The U.S. soyfood value chain will launch a new database with variety-specific information to showcase the quality, variety attributes and geographic diversity, further supporting sales of U.S. Soy.
Picture this: You’re an overseas buyer of U.S. soyfood beans. You need to purchase enough food beans to meet the needs of your production facilities, or that of your customers. When it comes to food beans for tofu, you want beans with certain quality aspects, which are different from those if you are buying soybeans for use in natto, miso or soymilk. Now when you go to buy beans from exporters around the world, how do you evaluate and compare? Likely, it is price alone without much focus on the characteristics you need and the quality attributes.
Enter the U.S. Soyfood Variety Database; it’s a place where overseas buyers can go to learn about the different varieties of soybeans that are available in the United States, and their characteristics and quality attributes. This initiative, designed to better market and promote U.S. soyfood varieties, is led by a group of U.S. soyfood stakeholders, including the U.S. Soybean Export Council (USSEC), United Soybean Board, Specialty Soya and Grains Alliance, and Qualified State Soybean Boards, as well as exporters and farmers.
The database is set to launch early next year, explained Will McNair, USSEC director of oil and human protein. Right now, USSEC and its partners are asking all soyfood exporters to submit a sample for every variety they handle.
“The database will only be as good as the information we put in it,” McNair said, adding that participation is voluntary. “We fully recognize that the participation of individual companies is critical to the success of the database.”
As an individual company, the U.S. Soyfood Variety Database is an opportunity to test the varieties being sold to customers. This will provide you a clearer picture of how your beans compare to others on the international market and can be used as a selling point. With exporter contact information included as part of the database, participation is a way to increase your visibility and associate your name with the high-quality reputation for which U.S. Soy is known.
This database also allows USSEC’s regional staff and other stakeholder partners to highlight the varieties of soyfood beans that exist in the United States and better inform potential buyers of their quality attributes, which will include hilum color, seed size, protein, oil, sucrose, oligosaccharides, total free sugars, amino acid profile, total carbohydrates, fatty acid profile, total isoflavones, and soymilk/tofu yields.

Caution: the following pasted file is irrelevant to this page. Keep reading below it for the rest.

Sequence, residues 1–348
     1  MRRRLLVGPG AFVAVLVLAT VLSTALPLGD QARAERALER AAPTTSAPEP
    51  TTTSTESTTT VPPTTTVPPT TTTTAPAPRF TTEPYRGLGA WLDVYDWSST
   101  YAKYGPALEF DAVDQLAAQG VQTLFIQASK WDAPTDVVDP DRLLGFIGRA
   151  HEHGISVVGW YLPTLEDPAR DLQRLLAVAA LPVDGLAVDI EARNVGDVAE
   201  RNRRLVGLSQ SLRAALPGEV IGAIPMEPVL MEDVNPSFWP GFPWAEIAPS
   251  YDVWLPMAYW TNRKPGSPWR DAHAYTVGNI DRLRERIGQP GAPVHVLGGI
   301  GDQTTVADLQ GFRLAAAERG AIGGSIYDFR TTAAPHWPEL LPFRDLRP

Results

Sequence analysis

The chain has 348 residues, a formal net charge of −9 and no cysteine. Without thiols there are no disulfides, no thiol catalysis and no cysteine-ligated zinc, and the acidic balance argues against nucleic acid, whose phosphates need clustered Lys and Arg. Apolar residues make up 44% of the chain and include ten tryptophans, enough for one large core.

“This is really important because a lighter version of this has been part of the Canadian registration system for years,” said Ken Dallmier, president and chief operating officer of Clarkson Grain Company in Cerro Gordo, Ill. “The Canada data provided is of value and puts U.S. Soy at a disadvantage; however, we didn’t want to simply recreate the Canadian system.
“We asked what our most innovative export customers are asking for and what they will want in the next five years. We also asked ourselves that same thing — our customers are not looking for the same thing they were 30 years ago.”
Supported by checkoff dollars, all soyfood varieties, both proprietary and public varieties, are eligible to be part of the database. This means that varieties that are exclusive to an exporter and varieties that are widely distributed will be a part of the database.
The goal is that this database will be updated annually and widely disseminated and promoted around the world, helping to increase purchases of U.S. soyfood beans.
“This has the potential to be a very powerful tool,” Dallmier added. “We want international customers to know they can diversify production risks while maintaining product specifications.
“The U.S. Soyfood Variety Database highlights that the United States is a major supplier of identity-preserved, high-quality, non-GMO, food-grade soybeans. This tool can help start a conversation between U.S. suppliers and export buyers. We purposefully excluded linking specific varieties to specific suppliers because we don’t want to limit the conversation; we are looking to enhance the conversation.”
To create the most robust dataset, McNair is asking all soyfood exporters to submit samples. The University of Minnesota’s Seth Naeve and Jill Miller-Garvin are handling the samples and variety testing. For sample kits, contact Naeve at email@example.com and Miller-Garvin at firstname.lastname@example.org. All samples should be submitted no later than Oct. 30.
For questions and additional information on the U.S. Soyfood Variety Database, contact McNair at (314) 413-5522 or email@example.com.